We Americans are not bombing people, young and old, whose lives, when they survive, are brutally interrupted by the loss of an arm or a leg, or a father, or a son, or a mother, or a house that the family saved for years to build. We are too civilized for that. Rather, we bomb Iraq. We bomb Sudan. We bomb Southern Lebanon. We bomb “Palestinian positions.” We don’t cause the tens of thousands of birth defective and mentally retarded babies with the chemical mayhem and ten-year famine we are currently paying for in Iraq: We are “imposing sanctions.” We don’t kill actual human beings with all the explosives we are dumping on these countries. We are killing generic Iraqis, generic Sudanis, generic Palestinians. It sounds like we may now have to kill some generic Afghanis. And now the shock of all shocks, the devastation of all devastations: some crazy people this past month decided to kill a lot of generic Americans. What on earth made them think it was morally acceptable to kill people who hadn’t committed any crime, who were not combatants, and were not killed in self-defense?

The answer, I apprehend, is not to be found in Islam, or in any religion or morality, but in the fact that there are fashions in atrocities and in the rhetoric used to dress them up. Unfortunately these begin to look increasingly like our own fashions and sound increasingly like our own rhetoric, reheated and served up to us. The terrorists themselves, in their own minds, were doubtless not killing secretaries, janitors, and firemen. That would be too obscene. Rather, they were “attacking America.”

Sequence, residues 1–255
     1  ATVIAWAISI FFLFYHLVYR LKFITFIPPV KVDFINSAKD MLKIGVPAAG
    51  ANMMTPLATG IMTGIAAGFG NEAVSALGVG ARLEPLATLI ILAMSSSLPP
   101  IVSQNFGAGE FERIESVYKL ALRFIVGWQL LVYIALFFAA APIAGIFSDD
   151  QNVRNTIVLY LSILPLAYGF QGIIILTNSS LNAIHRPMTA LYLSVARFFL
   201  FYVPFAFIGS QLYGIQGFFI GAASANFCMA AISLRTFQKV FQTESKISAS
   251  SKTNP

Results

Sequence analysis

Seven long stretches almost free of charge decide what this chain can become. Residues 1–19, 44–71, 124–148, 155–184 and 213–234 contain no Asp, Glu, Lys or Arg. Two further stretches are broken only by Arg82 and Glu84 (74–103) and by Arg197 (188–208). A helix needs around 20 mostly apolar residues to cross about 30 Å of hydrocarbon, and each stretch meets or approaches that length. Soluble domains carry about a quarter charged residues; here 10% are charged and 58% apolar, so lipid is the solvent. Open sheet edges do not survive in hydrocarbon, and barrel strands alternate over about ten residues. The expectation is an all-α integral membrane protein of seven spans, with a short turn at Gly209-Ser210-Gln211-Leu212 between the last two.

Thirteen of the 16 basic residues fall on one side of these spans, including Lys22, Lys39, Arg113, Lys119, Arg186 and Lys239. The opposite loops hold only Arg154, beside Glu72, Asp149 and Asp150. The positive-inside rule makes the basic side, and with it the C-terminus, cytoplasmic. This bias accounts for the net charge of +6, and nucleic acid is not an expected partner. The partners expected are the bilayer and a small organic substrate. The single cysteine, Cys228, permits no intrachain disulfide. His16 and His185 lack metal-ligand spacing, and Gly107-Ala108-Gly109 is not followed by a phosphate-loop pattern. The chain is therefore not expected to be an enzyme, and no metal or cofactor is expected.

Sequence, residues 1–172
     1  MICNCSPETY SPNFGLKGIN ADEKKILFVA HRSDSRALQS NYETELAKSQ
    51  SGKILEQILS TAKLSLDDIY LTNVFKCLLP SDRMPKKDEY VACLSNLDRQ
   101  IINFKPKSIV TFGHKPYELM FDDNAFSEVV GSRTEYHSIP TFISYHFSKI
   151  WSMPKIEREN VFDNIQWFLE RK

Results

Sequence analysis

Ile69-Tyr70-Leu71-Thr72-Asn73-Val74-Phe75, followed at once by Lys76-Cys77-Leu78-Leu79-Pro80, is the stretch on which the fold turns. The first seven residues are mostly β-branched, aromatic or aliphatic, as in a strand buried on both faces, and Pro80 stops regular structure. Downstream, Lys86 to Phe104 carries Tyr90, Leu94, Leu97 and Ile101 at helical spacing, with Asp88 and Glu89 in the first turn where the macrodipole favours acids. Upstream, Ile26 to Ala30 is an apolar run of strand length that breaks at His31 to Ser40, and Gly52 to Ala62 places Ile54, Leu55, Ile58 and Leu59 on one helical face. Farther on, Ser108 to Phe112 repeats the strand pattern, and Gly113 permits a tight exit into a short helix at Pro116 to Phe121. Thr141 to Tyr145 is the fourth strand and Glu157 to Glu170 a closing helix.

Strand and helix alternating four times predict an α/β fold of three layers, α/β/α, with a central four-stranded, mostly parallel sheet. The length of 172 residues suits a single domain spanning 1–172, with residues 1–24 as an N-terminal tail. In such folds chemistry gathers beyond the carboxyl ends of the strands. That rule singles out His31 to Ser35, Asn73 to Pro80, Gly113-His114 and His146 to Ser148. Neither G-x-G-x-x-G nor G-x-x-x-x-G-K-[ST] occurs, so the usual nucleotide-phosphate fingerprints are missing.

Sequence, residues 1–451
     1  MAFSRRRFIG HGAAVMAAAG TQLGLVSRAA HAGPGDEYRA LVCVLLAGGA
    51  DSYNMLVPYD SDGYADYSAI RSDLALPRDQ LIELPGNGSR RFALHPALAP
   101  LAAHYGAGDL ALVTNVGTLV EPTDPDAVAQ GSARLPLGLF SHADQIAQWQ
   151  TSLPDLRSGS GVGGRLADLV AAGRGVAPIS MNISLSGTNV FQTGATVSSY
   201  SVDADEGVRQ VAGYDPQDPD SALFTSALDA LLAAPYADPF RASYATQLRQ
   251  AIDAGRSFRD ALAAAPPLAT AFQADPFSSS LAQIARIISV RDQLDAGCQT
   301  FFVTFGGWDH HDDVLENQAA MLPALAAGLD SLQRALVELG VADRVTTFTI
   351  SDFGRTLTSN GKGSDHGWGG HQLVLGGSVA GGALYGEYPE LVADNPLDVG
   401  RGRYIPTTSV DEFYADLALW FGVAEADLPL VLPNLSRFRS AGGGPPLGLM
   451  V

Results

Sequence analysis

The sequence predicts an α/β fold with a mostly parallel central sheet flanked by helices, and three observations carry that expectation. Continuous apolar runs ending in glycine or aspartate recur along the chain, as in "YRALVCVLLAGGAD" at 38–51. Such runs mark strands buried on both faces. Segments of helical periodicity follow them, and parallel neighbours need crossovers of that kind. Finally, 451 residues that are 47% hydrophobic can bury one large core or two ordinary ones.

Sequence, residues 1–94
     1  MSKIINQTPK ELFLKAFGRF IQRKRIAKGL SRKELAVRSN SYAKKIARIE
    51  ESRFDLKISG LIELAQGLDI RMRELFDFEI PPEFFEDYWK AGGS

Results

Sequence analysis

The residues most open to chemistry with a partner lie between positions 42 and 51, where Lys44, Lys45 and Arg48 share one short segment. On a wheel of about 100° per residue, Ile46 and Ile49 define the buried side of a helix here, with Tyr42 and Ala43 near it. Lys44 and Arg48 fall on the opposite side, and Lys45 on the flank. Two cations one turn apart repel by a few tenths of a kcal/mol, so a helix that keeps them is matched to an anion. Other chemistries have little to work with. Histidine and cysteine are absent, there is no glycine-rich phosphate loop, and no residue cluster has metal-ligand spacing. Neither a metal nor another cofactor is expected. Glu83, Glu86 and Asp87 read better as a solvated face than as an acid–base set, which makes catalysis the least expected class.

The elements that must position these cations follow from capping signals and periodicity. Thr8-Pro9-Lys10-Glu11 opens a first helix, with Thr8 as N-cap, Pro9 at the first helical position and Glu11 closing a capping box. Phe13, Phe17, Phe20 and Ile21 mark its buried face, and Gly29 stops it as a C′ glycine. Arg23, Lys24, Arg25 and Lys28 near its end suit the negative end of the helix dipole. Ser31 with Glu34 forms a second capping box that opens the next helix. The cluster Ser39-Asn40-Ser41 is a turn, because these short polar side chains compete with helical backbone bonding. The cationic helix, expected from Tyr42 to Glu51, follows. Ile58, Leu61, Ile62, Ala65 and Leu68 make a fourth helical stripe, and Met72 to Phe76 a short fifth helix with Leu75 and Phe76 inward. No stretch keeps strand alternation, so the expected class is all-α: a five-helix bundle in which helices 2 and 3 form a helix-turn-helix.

The attack has been condemned, as President Bush has noted, by “Muslim scholars and clerics” across the board, and indeed by all people of decency around the world. I have read Islamic law with scholars, and know that it does not condone either suicide or killing non-combatants. But what to do about the crime itself?

The solution being proposed seems to be a technological one. We will highlight these people on our screens, and press delete. If we cannot find the precise people, we will delete others like them, until everyone else gets the message. We’ve done it lots of times. The problem with this is that it is morally wrong, and will send a clear confirmation—if more is needed beyond the shoot-em-ups abroad of the last decades that show our more or less complete disdain for both non-white human life and international law—that there is no law between us and other nations besides the law of the jungle. People like these attackers, willing to kill themselves to devastate others, are not ordinary people. They are desperate people. What has made them so is not lunacy, or religion, but the perception that there is no effective legal recourse to stop crimes against the civilian peoples they identify with. Our own and our clients’ killing, mutilating, and starving civilians are termed “strikes,” “preemptive attacks,” “raiding the frontiers,” and “sanctions”—because we have a standing army, print our own currency, and have a press establishment and other trappings of modern statehood. Without them, our actions would be pure “terrorism.”